Griffith summarizes published and unpublished studies relevant to inhibition of the growth of L. monocytogenes mediated by bacteriocins. Bacteriocins are ribosomally synthesized antimicrobial peptides produced by bacteria, such as C. maltaromaticum. Bacteriocins are degraded by proteolytic enzymes; some bacteriocins are heat resistant. Resident intestinal microorganisms are not usually affected by bacteriocins. The bacteriocin produced by C. maltaromaticum was detected at day 10 through day 20 after inoculation. Griffith describes an unpublished experiment in which the activity of the bacteriocin from C. maltaromaticum CB1 was lost within 0.5 minutes after exposure to simulated gastric juice; concluding that the bacteriocin is readily digestible and thus, unlikely to be toxic or allergenic.

Griffith discusses published information on biogenic amines that may form in foods from amino acid decarboxylation by bacterial enzymes and describes histamine and tyramine as well-characterized biogenic amines believed to cause adverse effects in humans. Griffith notes that histamine can induce food poisoning symptoms similar to sombroid poisoning, but that C. maltaromaticum strains produce tyramine, but not histamine. Griffith summarized published and unpublished data on tyramine produced by growing Carnobacterium spp.; under laboratory conditions up to 140 microgram (µg)/gram/day of tyramine was detected, while on foods up to 262 µg/g was detected. Toxic threshold doses for tyramine are not precisely known; however, at least 200 milligram (mg) (equivalent to 2.86 mg/kg body weight) of tyramine was tolerated in healthy subjects, but at 200-400 mg, some individuals experienced increased systolic blood pressure. Griffith concluded that concentrations of tyramine in food inoculated with C. maltaromaticum would not result in adverse health effects.

Griffith also discusses published information about C. maltaromaticum infections in fish, which occur during spawning or handling, noting that stressed conditions predisposed fish to infection by Carnobacterium spp. and often were associated with other pathogenic bacteria. Ingested C. maltaromaticum have not been found pathogenic to fish. Griffith notes that human oral consumption of C. maltaromaticum has not been linked to adverse event reports and cite its characterization as "nonpathogenic" in Canada and France and its designation as Biosafety Level 1 (not known to cause disease in healthy adult humans) by ATCC. While Griffith summarized a published case report of C. maltaromaticum isolated from a human infection (in the stump of a hand accidentally amputated in a sawmill); Griffith deems this published report irrelevant to its intended use of C. maltaromaticum in meats.

Use in Meat Products

During its evaluation of GRN 000159, FDA consulted with the Labeling and Consumer Protection Staff of the Food Safety and Inspection Service (FSIS) of the United States Department of Agriculture (USDA). Under the Federal Meat Inspection Act, FSIS is responsible for determining the efficacy and suitability of food ingredients in meat products as well as prescribing safe conditions of use. Suitability relates to the effectiveness of the ingredient in performing the intended purpose of use and the assurance that the conditions of use will not result in an adulterated product, or one that misleads consumers.

FSIS does not object to the use of C. maltaromaticum strain CB1 under the proposed conditions of use to treat RTE comminuted meat products, such as hot dogs. All ingredients of the C. maltaromaticum spray solution will require ingredient labeling when used to treat meat products under the jurisdiction of FSIS. The proposed use of additional strains of C. maltaromaticum or the expanded use of C. maltaromaticum strain CB1 in other types of meat products or poultry will require an evaluation for suitability by FSIS. For these further uses, FSIS requested that FDA advise Griffith to seek regulatory guidance from FSIS, Labeling and Consumer Protection Staff, about the use of C. maltaromaticum in meat and poultry products. Griffith should direct such an inquiry to Dr. Robert Post, Director, Labeling and Consumer Protection Staff, Office of Policy, Program, and Employee Development, Food Safety and Inspection Service, 1400 Independence Ave., S.W., Suite 602, Annex, Washington, DC 20250-3700. The telephone number for that office is (202) 205-0279 and the telefax number is (202) 205-3625.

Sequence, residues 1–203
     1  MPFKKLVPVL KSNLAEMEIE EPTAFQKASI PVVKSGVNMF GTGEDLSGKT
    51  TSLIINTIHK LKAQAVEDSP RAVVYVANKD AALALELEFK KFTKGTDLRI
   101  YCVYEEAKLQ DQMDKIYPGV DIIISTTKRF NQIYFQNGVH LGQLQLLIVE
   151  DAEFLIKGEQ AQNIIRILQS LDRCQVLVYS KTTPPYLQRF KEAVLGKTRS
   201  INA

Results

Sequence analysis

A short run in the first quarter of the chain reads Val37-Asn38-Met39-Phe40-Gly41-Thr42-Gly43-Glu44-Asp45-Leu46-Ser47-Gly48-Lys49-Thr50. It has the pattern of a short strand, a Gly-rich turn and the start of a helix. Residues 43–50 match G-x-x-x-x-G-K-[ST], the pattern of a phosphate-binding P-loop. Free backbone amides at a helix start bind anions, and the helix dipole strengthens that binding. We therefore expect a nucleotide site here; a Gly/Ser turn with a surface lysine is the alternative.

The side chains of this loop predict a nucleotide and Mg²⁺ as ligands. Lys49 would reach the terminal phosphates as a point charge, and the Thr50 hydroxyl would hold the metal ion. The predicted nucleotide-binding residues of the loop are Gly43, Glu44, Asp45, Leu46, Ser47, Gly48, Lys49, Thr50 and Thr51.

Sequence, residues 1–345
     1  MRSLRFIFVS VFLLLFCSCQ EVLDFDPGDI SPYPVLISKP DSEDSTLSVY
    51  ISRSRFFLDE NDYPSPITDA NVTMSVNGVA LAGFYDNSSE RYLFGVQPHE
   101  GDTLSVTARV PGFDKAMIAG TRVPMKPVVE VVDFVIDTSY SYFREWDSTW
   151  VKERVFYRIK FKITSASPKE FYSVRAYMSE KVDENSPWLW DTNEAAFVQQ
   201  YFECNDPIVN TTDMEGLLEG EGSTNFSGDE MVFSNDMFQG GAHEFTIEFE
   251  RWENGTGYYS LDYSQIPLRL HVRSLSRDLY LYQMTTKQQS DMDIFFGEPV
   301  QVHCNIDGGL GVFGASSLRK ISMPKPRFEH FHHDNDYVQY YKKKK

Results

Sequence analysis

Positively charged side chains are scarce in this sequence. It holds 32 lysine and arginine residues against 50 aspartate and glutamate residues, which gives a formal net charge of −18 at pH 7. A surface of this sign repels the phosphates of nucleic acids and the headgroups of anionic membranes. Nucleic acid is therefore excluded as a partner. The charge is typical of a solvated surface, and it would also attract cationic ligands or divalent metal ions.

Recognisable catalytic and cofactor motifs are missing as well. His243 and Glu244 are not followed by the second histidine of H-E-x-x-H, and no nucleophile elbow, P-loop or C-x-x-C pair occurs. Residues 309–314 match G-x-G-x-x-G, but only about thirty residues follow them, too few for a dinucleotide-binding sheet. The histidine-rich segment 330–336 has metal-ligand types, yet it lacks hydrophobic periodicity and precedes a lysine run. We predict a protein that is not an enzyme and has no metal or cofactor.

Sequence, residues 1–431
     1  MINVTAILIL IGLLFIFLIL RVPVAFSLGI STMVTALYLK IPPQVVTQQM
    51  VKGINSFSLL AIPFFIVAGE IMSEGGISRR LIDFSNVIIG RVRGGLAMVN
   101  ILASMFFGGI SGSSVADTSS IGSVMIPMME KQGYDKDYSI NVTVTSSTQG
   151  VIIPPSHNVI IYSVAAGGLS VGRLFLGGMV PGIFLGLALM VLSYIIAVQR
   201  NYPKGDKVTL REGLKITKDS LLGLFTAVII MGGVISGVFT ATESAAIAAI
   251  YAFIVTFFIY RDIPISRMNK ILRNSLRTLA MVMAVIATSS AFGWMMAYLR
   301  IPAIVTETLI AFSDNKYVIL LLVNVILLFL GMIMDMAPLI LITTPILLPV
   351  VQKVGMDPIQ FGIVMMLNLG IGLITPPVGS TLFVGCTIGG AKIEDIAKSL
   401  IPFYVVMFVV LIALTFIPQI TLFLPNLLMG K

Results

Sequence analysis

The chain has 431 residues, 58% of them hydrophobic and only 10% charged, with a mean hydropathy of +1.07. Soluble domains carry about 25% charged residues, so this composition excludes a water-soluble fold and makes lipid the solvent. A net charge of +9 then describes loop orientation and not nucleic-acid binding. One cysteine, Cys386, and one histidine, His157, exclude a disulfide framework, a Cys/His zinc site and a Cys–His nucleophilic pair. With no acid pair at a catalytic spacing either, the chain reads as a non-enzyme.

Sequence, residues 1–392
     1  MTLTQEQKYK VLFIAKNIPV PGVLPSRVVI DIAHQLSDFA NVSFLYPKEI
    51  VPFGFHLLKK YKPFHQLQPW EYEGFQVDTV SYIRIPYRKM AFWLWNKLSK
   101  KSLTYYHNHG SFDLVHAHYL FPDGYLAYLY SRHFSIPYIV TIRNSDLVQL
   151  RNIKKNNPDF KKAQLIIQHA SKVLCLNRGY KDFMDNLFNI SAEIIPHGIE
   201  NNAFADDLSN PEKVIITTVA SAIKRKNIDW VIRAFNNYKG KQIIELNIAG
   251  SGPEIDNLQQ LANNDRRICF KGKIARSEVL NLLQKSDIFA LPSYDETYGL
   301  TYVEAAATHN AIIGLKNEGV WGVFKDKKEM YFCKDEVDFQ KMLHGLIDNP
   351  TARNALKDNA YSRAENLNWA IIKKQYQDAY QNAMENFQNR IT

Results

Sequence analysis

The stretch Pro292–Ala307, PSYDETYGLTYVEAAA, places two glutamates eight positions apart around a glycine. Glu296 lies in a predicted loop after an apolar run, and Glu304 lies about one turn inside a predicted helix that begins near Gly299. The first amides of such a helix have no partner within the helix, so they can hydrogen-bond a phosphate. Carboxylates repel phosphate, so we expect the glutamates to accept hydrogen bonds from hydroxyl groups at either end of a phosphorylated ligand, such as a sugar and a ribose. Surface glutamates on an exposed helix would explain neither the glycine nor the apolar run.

Conclusions

Based on the information provided by Griffith, as well as other information available to FDA, the agency has no questions at this time regarding Griffith's conclusion that C. maltaromaticum strain CB1 is GRAS as an inhibitor of L. monocytogenes in RTE meat products under conditions set by USDA/FSIS. The agency has not, however, made its own determination regarding the GRAS status of the subject use of C. maltaromaticum. As always, it is the continuing responsibility of Griffith to ensure that food ingredients that the firm markets are safe, and are otherwise in compliance with all applicable legal and regulatory requirements.

In accordance with proposed 21 CFR 170.36(f), a copy of the text of this letter, as well as a copy of the information in your notice that conforms to the information in proposed 21 CFR 170.36(c)(1), is available for public review and copying on the homepage of the Office of Food Additive Safety (on the Internet at http://www.cfsan.fda.gov/~lrd/foodadd.html).

Sincerely,
Laura M. Tarantino, Ph.D.
Director
Office of Food Additive Safety
Center for Food Safety and Applied Nutrition

cc: Dr. Robert Post, Director
Labeling and Consumer Protection Staff
Office of Policy, Program and Employee Development
Food Safety and Inspection Service
1400 Independence Ave., SW, Suite 602, Annex
Washington, DC 20250-3700


(1)The notice, dated October 8, 2004, listed seven C. maltaromaticum strains for use in ready-to-eat and fresh comminuted meat products. An amendment, dated January 27, 2005, limited the use to ready-to-eat meat products to conform with USDA regulations. An amendment, dated April 8, 2005, limited the subject of the notice to C. maltaromaticum strain CB1 and provided information on the identity of this strain.